How exactly to you intend to implement names[] ? Controlling position and how the elements are retrieved is an important design decision.

TreeMap class guarantees that the map will be in ascending key order, sorted according to the natural order for the key's class (see Comparable), or by the comparator provided at creation time, depending on which constructor is used. String will likely order on: "Compares two strings lexicographically", which will not be effective if you are expecting the n-th list to be the n-th list. If you only be able to get name / list pairs, then using a List Interface may require keeping a separate index, introducing complexity. Thus: interface Map<K,V> provides power of retrieval for large datasets, and is an interface, (as asked for), but you then get Iterations that likely do not behave like [];( i.e. 1,2,3,4,5,6,7,8,9 etc)

[ October 17, 2007: Message edited by: Nicholas Jordan ]


Umm, I need to get selected elements from an HTML select into my list in the controller. Sequence does not matter. I wonder if you could have said all that without saying all that. :roll:
 
bart zagers
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What about wrapping your SortedSet with a ListOrderedSet?
 
Nicholas Jordan
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[Gregg Bolinger:]   Umm, I need to get selected elements from an HTML select into my list in the controller. Sequence does not matter. I wonder if you could have said all that without saying all that.
Well yes and no. But you said DAO, and that is what thoses fancy things are supposed to do for (us) - and why they sometimes don't is why I said all that by saying all that. ( emphasis just to set the sentence off from the rest of the reply )

Simplified answer is: Use a TreeSet, apply the html form index as keys and the value as the elements of the tree set, but I must restrict this advice because if the tool did not do the work for you, then the tool did not do the work for you.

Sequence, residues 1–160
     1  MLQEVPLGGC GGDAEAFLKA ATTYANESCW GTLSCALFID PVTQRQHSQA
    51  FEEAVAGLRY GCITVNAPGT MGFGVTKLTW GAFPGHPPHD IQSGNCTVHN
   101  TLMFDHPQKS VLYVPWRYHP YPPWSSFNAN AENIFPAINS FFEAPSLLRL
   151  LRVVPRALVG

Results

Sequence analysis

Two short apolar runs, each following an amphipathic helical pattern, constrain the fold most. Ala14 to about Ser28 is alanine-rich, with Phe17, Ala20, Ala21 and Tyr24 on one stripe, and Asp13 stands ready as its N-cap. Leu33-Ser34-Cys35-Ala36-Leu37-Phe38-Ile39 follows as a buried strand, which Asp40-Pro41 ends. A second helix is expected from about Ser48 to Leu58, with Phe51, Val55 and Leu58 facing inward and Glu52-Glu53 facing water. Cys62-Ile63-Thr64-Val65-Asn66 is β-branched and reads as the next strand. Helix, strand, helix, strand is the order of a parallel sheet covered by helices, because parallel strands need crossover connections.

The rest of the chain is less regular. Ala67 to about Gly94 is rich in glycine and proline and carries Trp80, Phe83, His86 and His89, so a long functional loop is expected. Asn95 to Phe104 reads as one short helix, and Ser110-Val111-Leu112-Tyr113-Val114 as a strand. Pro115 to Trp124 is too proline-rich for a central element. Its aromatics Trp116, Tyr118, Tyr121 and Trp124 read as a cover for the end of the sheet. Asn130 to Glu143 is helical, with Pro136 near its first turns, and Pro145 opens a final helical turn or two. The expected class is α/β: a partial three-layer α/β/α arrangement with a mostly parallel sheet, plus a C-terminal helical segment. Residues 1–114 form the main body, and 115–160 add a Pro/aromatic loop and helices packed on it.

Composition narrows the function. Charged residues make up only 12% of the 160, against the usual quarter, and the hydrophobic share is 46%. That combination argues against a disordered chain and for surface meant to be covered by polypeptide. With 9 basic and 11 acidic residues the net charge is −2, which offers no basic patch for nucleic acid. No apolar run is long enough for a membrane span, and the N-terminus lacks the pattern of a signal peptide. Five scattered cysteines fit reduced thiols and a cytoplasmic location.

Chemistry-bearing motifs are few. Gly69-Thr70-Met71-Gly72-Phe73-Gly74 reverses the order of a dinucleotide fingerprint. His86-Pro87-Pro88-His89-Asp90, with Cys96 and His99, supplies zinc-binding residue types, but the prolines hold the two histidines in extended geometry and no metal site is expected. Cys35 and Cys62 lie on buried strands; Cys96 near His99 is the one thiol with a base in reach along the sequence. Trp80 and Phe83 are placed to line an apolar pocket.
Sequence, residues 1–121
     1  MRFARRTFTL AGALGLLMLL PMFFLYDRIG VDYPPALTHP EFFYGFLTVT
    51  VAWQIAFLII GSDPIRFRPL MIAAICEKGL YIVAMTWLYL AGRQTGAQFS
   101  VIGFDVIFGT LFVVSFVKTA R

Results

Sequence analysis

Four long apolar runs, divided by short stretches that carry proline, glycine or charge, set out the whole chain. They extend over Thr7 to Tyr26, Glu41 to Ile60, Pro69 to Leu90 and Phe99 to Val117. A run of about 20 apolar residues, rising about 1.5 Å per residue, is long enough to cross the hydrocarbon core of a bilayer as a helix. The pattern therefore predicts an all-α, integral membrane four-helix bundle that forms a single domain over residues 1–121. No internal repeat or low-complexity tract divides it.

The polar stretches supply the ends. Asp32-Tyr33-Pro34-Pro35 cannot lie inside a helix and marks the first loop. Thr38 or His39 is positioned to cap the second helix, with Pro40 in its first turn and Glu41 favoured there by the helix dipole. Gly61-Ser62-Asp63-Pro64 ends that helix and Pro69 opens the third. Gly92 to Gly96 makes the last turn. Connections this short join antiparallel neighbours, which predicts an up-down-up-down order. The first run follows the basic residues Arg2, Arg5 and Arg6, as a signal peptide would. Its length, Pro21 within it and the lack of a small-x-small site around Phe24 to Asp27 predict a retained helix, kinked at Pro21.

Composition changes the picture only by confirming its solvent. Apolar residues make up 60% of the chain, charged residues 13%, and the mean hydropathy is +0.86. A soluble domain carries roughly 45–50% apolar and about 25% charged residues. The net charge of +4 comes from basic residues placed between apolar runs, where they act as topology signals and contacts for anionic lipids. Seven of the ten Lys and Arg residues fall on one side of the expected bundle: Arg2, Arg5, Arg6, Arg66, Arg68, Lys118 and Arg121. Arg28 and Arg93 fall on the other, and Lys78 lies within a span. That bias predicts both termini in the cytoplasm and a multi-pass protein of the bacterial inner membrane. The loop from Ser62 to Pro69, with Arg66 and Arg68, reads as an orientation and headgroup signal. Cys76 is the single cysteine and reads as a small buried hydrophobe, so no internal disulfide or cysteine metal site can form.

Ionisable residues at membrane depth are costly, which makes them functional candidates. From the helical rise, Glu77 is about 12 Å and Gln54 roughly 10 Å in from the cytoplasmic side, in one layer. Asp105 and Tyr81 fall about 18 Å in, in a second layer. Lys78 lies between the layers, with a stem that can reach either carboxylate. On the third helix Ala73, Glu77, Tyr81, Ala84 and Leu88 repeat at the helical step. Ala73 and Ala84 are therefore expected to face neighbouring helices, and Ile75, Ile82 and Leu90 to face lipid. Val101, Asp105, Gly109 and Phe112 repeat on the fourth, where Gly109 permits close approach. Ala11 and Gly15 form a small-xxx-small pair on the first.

Please, do not laugh. I do not mind being the subject of a boiling rejoinder, it's that this is what is going on here and I have been through thousands of these, and they always eventuate to the same nexus. You can, for example, do a .size() or .length() or whatever sizing/element count is provided for whatever they are giving you to work with. It seems pretty simple and obvious until ( whomever, for whatever reason ) implements a framework attempts to hide workings as much as possible. The reason people and designs do this is the same reason my replies get detailed. There is a foreach that has been implemented in 1.5 and if the people who wrote "the current project" will have been careful to implement copy semantics before giving you the Collection. Consider this:


I have been through enough of these to see smoke 3-6 months from now.

Either stick with the data-abstraction layer model, or be prepared to ice/heat your wrists and do fingertip pushups to prevent carpal-tunnel.

That is not a joke. Sounds like you should take a closer look at what Jim put up and make that work one way or another. If you think what I posted is verbose, then you are iron-clad there to work...


[ October 22, 2007: Message edited by: Nicholas Jordan ]